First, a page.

A new round of funding designed to help people get online and develop essential digital skills was launched today (30 January) by Minister for Public Finance and Digital Economy Kate Forbes at Big Hearts Community Trust in Edinburgh.
Over the past five years, the Scottish Council for Voluntary Organisations’ (SCVO) Digital Participation Charter Fund – supported by the Scottish Government and BT – has provided funding to over 160 projects across Scotland, with over 16,000 people being supported to increase their essential digital skills.
The fund provides small grants of up to £10,000 to help a range of organisations tackle poverty, social isolation and other forms of inequality in society through embedding essential digital skills development work in day-to-day activity with their service users.
In 2018, Round 6 of the Charter Fund made awards of over £220,000 to 26 organisations from across the country, which work either to support working age people to increase financial capability, employment and other economic outcomes; or support older and disabled people to reduce social isolation and loneliness.
Now SCVO has launched another round of the Charter Fund, in an attempt to reach and support even more people in need.
Launching the fund, Kate Forbes, Minister for Public Finance and Digital Economy said: “The Scottish Government wants as many people as possible to benefit from getting online. The Digital Participation Charter Fund plays a huge part in tackling digital exclusion and helping people to access the support they need. The funding I have announced today will continue the valuable work to reduce social isolation and loneliness and help people access employment opportunities. My thanks to SCVO and all of the organisations involved for their continued commitment to increasing digital participation.”
Craig Wilson, General Manager at Big Hearts said: “Round 6 of the Charter Fund has opened new opportunities for our charity to support various groups affected by social isolation. Our Go Digital volunteers help older football fans go over the first step of using digital mediums, which equip them progressively with the skills and confidence to stay connected and become more engaged within their local community.”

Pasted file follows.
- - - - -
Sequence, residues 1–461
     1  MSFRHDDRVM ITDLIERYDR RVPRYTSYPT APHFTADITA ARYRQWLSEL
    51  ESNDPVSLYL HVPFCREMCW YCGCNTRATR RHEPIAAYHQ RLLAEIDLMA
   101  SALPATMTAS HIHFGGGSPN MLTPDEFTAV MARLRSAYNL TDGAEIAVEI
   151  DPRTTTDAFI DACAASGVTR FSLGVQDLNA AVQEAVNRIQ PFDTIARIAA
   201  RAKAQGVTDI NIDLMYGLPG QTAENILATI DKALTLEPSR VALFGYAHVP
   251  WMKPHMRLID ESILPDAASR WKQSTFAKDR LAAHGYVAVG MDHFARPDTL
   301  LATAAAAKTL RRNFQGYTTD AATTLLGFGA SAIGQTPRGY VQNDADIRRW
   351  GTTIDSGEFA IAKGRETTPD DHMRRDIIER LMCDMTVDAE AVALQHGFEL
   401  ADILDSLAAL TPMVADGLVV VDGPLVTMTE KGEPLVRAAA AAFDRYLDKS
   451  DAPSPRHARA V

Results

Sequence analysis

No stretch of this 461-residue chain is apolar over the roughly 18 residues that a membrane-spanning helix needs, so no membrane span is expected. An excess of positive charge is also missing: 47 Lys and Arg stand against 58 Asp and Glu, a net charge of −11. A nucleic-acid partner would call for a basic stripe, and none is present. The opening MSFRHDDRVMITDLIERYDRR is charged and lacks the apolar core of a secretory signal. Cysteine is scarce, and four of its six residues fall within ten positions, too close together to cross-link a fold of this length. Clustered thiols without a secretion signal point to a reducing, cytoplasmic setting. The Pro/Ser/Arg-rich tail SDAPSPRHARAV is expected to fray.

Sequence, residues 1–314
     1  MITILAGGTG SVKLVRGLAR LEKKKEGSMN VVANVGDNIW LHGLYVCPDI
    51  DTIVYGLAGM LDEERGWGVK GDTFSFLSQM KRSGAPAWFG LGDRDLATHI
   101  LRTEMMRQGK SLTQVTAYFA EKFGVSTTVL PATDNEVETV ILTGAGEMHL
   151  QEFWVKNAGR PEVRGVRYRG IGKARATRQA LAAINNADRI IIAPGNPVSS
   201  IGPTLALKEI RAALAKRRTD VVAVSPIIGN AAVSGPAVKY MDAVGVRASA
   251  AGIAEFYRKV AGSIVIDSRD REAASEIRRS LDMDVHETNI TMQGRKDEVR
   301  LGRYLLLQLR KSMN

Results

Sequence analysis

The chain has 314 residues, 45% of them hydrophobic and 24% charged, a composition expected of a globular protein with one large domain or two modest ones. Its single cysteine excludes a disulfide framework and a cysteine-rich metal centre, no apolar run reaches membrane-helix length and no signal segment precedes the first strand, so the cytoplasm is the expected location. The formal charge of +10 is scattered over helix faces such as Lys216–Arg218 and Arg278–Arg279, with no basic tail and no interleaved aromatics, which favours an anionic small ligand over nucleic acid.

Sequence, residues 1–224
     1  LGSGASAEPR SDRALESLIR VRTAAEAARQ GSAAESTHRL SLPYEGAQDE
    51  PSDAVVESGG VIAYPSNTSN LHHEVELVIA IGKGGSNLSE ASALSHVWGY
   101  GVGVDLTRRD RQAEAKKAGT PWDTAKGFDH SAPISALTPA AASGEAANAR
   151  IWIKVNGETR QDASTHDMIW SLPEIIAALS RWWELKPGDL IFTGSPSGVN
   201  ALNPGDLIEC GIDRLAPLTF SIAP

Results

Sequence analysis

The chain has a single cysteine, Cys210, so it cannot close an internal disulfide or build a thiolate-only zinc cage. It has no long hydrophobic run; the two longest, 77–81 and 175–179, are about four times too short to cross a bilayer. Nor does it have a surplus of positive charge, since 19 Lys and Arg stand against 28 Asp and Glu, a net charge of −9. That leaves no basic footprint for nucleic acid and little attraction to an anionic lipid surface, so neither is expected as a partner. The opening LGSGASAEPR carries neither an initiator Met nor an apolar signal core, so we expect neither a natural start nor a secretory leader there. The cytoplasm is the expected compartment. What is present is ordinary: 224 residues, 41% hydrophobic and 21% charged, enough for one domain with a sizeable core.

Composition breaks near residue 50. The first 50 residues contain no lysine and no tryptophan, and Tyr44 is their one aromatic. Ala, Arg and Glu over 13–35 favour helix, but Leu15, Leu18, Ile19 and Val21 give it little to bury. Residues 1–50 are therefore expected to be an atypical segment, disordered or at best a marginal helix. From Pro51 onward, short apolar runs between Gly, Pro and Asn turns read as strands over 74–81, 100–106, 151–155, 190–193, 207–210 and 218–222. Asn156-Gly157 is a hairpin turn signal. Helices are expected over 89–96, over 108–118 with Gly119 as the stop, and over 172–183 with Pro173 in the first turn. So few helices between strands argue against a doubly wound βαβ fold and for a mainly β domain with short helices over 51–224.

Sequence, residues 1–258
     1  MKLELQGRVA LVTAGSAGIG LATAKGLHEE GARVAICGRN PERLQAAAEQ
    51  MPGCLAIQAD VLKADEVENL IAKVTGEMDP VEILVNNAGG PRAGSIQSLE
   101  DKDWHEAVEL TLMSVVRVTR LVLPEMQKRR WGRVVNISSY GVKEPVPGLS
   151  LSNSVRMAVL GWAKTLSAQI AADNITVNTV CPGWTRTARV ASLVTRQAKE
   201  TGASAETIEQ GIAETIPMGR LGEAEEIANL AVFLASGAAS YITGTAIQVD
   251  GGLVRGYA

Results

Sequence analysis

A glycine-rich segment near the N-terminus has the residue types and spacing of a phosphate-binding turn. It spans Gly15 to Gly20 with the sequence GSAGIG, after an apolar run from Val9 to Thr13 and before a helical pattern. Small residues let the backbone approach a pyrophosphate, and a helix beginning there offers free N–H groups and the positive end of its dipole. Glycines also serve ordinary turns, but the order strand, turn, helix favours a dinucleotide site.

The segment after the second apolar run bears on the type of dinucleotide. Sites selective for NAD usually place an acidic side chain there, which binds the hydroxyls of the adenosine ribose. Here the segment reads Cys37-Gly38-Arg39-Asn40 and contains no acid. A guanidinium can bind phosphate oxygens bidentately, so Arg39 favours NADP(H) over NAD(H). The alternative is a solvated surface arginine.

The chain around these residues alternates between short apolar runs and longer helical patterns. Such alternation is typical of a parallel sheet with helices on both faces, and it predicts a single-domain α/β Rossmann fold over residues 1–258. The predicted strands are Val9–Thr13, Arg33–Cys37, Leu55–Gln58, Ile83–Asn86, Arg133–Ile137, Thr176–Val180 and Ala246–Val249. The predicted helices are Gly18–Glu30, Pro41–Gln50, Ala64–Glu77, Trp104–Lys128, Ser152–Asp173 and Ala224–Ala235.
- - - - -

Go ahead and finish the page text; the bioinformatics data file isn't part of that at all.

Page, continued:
Various organisations benefitted from the previous round of the Charter Fund. Community Food Initiatives North East, which is working to develop the essential digital skills of their volunteers, staff, and food bank beneficiaries.
Atrium Homes have also recruited a part time Digital Assistant and are currently surveying the digital skills needs of their tenants before developing and embedding regular digital skills drop in sessions, supported by newly trained digital champions, as part of their customer service support.
Deafblind Scotland are using their Charter Fund support to equip deafblind people with the digital skills and confidence to maximise the use of assistive technology to support them in their everyday information needs.
Scotland is already a ‘digital nation’, with eight in ten households connected to the internet, and six in ten people using smartphones. However research conducted by SCVO’s Digital Team recently, in conjunction with the University of the West of Scotland, showed that around 21 per cent of adults in Scotland still don’t have basic digital skills.
David McNeill, Director of Digital at SCVO, said: “People who aren’t online and lack basic digital skills are more likely to face multiple forms of social exclusion. It is crucial that we ensure no one is left behind in our increasingly digital world. The Charter Fund has enabled community projects to help more than 16,000 people who need support to access technology and the internet, to reduce the digital divide in Scotland. We look forward to reaching more people through Round 7 and I would encourage third sector organisations to apply.”